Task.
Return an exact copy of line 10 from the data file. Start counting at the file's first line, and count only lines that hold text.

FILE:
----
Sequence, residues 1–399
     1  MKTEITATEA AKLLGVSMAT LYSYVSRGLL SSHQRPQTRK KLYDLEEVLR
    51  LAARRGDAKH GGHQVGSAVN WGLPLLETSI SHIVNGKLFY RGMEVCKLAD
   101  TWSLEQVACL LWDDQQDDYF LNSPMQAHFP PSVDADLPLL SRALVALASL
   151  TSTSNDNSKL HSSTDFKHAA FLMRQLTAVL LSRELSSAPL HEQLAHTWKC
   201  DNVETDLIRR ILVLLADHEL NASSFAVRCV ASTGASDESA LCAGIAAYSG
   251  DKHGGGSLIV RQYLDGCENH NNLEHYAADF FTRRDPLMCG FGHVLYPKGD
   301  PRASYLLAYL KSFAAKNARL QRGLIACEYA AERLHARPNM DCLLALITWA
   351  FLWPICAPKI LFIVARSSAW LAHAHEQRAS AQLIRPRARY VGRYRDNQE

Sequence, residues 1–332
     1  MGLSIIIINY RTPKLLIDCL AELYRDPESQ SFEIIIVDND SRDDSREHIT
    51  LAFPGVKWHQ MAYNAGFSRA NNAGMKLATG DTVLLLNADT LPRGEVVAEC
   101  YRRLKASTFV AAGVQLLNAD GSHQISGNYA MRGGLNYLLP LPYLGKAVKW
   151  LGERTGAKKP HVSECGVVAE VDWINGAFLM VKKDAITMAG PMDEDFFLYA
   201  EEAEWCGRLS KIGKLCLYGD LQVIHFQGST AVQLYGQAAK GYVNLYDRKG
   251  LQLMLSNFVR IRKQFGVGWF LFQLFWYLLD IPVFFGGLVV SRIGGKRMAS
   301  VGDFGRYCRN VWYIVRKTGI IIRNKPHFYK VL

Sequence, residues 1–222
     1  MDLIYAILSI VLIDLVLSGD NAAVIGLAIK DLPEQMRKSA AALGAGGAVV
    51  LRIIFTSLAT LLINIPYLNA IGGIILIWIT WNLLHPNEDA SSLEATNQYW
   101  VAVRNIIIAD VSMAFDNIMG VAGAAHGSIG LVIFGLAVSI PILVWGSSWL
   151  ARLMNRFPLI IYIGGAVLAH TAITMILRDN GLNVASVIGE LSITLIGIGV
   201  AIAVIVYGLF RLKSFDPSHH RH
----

Sequence, residues 1–332